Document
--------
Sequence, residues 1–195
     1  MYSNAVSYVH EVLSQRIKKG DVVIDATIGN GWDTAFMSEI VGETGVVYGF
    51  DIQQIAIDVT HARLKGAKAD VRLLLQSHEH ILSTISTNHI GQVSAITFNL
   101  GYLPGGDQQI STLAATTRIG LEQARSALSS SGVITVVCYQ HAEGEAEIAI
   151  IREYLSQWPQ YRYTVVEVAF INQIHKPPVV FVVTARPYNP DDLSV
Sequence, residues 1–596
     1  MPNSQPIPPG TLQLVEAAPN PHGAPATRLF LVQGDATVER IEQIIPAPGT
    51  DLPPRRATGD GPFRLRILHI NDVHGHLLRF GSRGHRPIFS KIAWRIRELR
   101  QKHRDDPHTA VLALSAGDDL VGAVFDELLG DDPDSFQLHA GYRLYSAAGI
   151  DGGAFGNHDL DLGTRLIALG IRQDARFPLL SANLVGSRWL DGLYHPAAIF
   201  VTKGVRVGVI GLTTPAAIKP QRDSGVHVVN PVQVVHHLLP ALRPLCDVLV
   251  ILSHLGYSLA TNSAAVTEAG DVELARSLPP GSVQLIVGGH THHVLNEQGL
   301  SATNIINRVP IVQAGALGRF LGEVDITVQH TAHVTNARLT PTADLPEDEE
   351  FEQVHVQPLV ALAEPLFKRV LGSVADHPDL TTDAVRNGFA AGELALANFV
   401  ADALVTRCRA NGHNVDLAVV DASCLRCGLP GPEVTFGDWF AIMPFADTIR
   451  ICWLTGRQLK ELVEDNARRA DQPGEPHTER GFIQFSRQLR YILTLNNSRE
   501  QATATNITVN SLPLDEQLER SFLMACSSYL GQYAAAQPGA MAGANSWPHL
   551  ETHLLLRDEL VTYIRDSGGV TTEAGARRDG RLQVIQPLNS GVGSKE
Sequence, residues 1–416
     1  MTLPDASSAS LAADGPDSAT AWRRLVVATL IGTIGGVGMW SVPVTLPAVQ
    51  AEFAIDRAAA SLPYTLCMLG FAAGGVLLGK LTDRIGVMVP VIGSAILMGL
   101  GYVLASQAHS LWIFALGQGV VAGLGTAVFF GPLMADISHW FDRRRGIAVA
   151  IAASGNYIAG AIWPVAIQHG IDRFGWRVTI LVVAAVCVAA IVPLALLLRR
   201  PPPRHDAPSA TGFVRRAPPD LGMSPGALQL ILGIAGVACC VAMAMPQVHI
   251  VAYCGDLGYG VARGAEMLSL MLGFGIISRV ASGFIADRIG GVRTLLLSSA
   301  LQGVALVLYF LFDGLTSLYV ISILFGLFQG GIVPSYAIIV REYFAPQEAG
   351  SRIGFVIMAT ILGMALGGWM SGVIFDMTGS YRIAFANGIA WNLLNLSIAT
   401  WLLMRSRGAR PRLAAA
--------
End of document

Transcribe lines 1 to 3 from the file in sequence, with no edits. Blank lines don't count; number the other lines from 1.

Sequence, residues 1–195
     1  MYSNAVSYVH EVLSQRIKKG DVVIDATIGN GWDTAFMSEI VGETGVVYGF
    51  DIQQIAIDVT HARLKGAKAD VRLLLQSHEH ILSTISTNHI GQVSAITFNL